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Jackson v. Vaughn

Court of Appeals of Texas, Seventh District, Amarillo

March 29, 2018


          On Appeal from the 72nd District Court Lubbock County, Texas Trial Court No. 2012-500, 295, Honorable Ruben Gonzales Reyes, Presiding

          Before QUINN, C.J., and CAMPBELL and PIRTLE, JJ.


          James T. Campbell Justice

         Appellant Reidie Jackson, a Texas prison inmate appearing pro se, brought suit under 42 U.S.C. § 1983 against appellees Captain Robert Vaughn a/k/a Vaughan, Lieutenant Nicky Emsoff, Peter Honesto, James Nall, and David Guzman. At all times relevant, appellees were employed by the Texas Department of Criminal Justice at the Montford Unit in Lubbock, Texas. Jackson challenges the trial court's judgment dismissing his suit with prejudice as to each appellee. We will affirm.[1]


         Honesto, Nall, and Guzman were members of a Montford Unit "use of force team" that in March 2011 forcibly removed Jackson from his cell when he would not vacate it. Officer Cindy Mayne[2] operated a camera recording the use-of-force event. Jackson alleged Vaughn, Emsoff, and team members violated his Eighth Amendment right to be free from cruel and unusual punishments. According to Jackson, the male team members struck him in the ribs and face and "kneed" him in the face, all while he was restrained, and Vaughn and Emsoff stood by and watched the events with deliberate indifference to Jackson's safety.

          After Jackson filed suit, Vaughn and Emsoff brought a motion to dismiss under Civil Practice & Remedies Code Chapter 14 which the trial court granted. It signed a final judgment in January 2013 and Jackson appealed. Finding Jackson sufficiently alleged section 1983 excessive force and bystander claims, we reversed and remanded the case.[3] Back in the trial court Honesto, Nall, and Guzman filed answers and a motion to declare Jackson a vexatious litigant and for security. The trial court found Jackson to be a vexatious litigant and ordered he provide security in the amount of $500. When Jackson failed to post the required security, the court dismissed his claims against Honesto, Nall, and Guzman.

         Vaughn and Emsoff then moved for summary judgment. The motion was granted and the trial court rendered a final judgment disposing of all claims and all parties to the litigation.


         Vexatious Litigant claim of Nall, Honesto, and Guzman

         By his first issue Jackson asserts the trial court abused its discretion by granting the motion Honesto, Nall, and Guzman filed to declare him a vexatious litigant under Civil Practice and Remedies Code Chapter 11.[4]

          Jackson's briefing reveals a misunderstanding of the nature of our review of the trial court's order declaring him a vexatious litigant. In his brief, Jackson points to our 2014 holding that his pleadings sufficiently alleged a section 1983 excessive force claim and a bystander claim. See 2014 Tex.App. LEXIS 13354, at *14. We held the trial court abused its discretion by dismissing his suit under Chapter 14 because, we found, his pleadings did not allege claims lacking a basis in law. Tex. Civ. Prac. & Rem. Code Ann. § 14.003(b)(2) (West 2017). Jackson's present briefing argues the standard we applied in his previous appeal and the standard we apply to review of the trial court's vexatious-litigant determination under Chapter 11 are "essentially the same and to jump one hurdle is to jump the other." The argument is misguided. Our 2014 review considered only Jackson's pleadings. We took as true the allegations of his petition, and reviewed it only to determine whether, as a matter of law, it stated a cause of action authorizing relief. We sought to determine whether Jackson had plead an indisputably meritless legal theory. 2014 Tex.App. LEXIS 13354, at *9. Our review did not consider at all whether any evidence supported the claims his pleadings asserted.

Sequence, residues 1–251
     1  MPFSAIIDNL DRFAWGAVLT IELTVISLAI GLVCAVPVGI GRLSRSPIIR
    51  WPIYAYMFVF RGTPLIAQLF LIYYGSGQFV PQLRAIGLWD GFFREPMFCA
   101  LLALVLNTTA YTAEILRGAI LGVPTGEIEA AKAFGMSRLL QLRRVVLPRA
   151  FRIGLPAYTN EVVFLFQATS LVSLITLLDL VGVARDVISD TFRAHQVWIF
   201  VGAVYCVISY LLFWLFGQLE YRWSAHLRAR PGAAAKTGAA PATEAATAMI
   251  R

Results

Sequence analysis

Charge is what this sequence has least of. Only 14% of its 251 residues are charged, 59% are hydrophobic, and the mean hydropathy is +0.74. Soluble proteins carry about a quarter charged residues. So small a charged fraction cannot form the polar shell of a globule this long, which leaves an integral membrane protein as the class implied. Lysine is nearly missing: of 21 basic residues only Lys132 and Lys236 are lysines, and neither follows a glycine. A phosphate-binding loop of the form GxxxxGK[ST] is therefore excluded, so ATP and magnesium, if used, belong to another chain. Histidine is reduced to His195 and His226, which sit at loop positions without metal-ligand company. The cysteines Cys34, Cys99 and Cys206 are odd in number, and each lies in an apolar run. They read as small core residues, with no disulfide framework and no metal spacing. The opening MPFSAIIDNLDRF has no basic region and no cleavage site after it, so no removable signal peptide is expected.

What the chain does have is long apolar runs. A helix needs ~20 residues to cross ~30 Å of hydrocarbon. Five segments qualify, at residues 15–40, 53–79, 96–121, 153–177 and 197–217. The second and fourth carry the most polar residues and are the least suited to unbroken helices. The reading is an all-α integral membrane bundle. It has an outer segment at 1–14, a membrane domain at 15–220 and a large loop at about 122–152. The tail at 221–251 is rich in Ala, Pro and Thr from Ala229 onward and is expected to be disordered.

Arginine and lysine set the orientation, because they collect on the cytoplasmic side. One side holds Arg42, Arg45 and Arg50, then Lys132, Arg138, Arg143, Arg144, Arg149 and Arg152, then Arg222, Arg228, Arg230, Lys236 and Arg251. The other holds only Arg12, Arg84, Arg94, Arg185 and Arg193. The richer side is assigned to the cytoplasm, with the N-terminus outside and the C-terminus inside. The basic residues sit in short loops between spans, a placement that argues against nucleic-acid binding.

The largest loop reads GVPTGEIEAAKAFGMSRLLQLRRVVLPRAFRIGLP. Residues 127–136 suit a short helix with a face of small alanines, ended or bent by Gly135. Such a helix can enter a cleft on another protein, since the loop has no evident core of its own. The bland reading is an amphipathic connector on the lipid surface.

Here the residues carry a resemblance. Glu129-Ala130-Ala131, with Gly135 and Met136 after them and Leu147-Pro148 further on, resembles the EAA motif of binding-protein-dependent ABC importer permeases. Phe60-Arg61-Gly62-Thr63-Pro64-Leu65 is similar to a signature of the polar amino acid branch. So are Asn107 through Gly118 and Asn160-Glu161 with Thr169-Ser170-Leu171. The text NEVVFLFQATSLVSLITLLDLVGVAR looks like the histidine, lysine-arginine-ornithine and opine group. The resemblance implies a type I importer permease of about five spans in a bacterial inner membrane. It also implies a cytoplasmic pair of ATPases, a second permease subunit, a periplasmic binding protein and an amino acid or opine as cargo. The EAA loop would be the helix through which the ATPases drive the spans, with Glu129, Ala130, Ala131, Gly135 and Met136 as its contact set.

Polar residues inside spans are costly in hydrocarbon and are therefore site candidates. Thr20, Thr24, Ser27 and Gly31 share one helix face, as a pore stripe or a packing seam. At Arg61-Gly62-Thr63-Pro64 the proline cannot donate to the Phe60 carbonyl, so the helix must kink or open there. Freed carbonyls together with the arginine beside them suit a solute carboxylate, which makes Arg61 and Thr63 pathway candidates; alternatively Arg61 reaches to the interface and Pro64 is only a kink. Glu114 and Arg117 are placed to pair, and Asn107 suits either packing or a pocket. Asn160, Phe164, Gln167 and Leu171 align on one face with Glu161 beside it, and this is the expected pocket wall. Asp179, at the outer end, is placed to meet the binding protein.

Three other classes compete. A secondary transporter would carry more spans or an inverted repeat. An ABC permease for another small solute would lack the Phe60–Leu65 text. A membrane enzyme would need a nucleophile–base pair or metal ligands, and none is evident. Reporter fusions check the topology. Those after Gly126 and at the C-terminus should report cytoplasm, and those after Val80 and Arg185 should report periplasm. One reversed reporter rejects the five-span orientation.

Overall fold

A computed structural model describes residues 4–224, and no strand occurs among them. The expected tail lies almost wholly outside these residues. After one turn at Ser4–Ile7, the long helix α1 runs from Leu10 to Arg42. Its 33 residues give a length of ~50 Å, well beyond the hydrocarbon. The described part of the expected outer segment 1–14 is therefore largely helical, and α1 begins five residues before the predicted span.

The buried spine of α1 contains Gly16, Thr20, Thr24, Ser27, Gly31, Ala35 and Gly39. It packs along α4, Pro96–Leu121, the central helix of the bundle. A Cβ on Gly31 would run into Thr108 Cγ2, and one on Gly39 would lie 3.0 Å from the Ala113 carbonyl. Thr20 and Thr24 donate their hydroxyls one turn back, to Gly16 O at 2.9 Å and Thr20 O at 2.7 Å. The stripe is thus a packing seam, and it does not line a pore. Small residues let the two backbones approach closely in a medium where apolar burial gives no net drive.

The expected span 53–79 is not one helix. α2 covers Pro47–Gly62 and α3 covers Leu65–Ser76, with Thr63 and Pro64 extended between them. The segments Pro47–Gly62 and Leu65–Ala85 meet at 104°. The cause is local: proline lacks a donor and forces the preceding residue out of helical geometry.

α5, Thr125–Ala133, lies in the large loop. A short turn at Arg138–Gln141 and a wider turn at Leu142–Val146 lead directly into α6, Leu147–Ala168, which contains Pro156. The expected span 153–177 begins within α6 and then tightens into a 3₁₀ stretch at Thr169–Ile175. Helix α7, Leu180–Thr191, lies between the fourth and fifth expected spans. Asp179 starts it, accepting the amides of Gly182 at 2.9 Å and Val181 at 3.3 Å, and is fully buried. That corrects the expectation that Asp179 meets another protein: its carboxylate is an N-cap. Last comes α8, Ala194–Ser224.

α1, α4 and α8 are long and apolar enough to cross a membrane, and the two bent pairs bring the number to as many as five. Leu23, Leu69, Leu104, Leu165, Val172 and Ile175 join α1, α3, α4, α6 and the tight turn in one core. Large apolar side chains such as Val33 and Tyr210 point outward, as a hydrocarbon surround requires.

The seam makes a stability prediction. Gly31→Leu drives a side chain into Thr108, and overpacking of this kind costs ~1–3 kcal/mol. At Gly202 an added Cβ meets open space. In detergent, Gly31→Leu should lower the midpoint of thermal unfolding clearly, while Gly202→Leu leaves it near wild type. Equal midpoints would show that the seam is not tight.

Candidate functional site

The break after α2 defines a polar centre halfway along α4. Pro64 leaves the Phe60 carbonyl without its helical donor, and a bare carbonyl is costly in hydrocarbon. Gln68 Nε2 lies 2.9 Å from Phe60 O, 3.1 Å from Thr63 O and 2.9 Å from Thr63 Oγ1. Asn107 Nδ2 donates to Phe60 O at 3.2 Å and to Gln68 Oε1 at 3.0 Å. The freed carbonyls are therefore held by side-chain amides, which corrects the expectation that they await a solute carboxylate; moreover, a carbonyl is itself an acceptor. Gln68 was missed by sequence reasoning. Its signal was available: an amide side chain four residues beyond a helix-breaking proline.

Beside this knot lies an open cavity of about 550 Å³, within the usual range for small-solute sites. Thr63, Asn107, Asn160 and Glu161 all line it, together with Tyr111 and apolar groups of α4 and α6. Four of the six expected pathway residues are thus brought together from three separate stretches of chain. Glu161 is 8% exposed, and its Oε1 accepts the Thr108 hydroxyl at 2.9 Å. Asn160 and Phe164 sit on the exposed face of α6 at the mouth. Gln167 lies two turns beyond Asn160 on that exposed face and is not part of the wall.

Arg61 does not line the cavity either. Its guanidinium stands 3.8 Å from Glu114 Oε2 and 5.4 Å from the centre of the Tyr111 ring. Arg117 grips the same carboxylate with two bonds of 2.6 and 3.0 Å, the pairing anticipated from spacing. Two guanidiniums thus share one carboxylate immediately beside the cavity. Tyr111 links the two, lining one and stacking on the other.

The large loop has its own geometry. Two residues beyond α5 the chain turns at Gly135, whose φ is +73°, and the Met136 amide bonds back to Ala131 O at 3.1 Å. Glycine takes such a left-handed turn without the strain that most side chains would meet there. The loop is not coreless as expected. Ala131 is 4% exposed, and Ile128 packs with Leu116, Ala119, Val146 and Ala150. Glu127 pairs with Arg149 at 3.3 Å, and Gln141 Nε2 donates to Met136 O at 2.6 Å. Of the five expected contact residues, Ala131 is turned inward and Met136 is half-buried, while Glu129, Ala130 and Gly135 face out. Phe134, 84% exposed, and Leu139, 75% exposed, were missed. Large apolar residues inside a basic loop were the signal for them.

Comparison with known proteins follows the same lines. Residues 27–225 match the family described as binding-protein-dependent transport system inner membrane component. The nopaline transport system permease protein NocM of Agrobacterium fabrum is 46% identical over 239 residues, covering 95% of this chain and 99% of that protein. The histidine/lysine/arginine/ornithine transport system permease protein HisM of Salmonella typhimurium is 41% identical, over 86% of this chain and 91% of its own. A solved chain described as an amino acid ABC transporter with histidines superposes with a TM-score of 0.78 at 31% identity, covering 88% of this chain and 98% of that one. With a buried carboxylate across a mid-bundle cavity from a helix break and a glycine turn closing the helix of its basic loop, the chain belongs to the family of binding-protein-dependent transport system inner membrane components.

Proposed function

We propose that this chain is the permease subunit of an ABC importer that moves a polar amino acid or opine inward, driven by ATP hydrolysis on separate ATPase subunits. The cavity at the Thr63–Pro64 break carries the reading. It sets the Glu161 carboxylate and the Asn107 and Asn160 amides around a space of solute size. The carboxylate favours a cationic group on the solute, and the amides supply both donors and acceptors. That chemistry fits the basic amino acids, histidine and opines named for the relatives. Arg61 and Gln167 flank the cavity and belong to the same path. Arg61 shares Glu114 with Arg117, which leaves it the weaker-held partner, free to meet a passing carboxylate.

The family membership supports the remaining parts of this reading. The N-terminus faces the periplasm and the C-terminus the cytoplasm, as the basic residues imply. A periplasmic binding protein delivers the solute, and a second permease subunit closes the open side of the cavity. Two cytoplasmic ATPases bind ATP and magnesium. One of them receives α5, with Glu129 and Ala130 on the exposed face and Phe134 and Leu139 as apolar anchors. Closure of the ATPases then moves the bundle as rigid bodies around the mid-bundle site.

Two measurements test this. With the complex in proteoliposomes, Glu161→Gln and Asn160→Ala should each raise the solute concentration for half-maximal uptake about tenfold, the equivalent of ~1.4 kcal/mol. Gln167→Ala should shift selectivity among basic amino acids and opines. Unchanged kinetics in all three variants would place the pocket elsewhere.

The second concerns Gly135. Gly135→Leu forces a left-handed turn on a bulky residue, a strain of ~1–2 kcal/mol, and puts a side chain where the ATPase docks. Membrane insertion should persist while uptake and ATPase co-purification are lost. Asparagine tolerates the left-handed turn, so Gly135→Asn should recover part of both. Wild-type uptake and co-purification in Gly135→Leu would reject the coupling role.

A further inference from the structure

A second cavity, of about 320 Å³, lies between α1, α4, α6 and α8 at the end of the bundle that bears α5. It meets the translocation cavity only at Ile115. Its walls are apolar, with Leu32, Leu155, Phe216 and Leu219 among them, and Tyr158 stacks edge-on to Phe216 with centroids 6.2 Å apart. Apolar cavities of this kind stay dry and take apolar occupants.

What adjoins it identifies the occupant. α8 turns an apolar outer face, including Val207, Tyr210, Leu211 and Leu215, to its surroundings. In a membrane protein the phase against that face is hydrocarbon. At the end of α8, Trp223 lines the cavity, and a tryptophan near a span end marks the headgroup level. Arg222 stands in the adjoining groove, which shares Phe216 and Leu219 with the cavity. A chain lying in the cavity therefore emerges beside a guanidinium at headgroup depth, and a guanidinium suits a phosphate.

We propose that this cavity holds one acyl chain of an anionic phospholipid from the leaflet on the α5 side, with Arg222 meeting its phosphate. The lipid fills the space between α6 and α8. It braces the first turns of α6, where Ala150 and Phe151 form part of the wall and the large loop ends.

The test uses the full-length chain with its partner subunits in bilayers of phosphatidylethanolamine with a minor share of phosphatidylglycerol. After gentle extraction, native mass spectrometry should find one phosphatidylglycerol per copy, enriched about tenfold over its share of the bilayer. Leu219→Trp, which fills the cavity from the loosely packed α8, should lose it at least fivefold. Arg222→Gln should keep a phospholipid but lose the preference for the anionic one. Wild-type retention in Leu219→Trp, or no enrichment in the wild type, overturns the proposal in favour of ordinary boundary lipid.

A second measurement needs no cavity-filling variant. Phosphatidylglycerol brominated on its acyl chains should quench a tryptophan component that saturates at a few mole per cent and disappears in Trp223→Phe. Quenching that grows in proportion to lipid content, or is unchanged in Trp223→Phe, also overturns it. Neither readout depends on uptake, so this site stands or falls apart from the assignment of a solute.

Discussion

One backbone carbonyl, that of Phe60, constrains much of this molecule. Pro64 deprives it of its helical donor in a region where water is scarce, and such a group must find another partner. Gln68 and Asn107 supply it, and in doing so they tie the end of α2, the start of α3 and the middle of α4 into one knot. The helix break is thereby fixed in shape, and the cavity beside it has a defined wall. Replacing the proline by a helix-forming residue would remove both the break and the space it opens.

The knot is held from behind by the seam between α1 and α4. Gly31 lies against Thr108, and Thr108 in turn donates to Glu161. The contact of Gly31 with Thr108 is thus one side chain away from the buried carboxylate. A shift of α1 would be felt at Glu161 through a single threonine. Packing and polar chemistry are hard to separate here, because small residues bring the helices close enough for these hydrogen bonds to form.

Our task this time around is different. A vexatious litigant determination requires the defendant to demonstrate there is not a reasonable probability the plaintiff will prevail in the litigation against the defendant and the plaintiff, in the preceding seven-year period, commenced, prosecuted, or maintained as a pro se litigant at least five litigations, other than in small claims court, that were finally determined adversely to the plaintiff. Tex. Civ. Prac. & Rem. Code Ann. § 11.054; Leonard v. Abbott, 171 S.W.3d 451, 457 (Tex. App.- Austin 2005, pet. denied). It is the defendant's burden to prove both requirements of section 11.054. Amir-Sharif v. Quick Trip Corp., 416 S.W.3d 914, 919 (Tex. App.-Dallas 2013, no pet.) (noting also that a defendant who fails to offer any evidence showing why the plaintiff could not prevail on his suit has failed to meet its burden); Drake v. Andrews, 294 S.W.3d 370, 375 (Tex. App.-Dallas 2009, pet. denied).

         We apply an abuse of discretion standard when reviewing a trial court's determinations under Chapter 11. Devoll v. State,155 S.W.3d 498, 502 (Tex. App.-San Antonio 2004, no pet.). The test for an abuse of discretion is whether the court acted arbitrarily or unreasonably and without reference to any guiding rules and principles. Downer v. Aquamarine Operators, Inc.,701 S.W.2d 238, 241-42 (Tex. 1985). Unlike our 2014 ...

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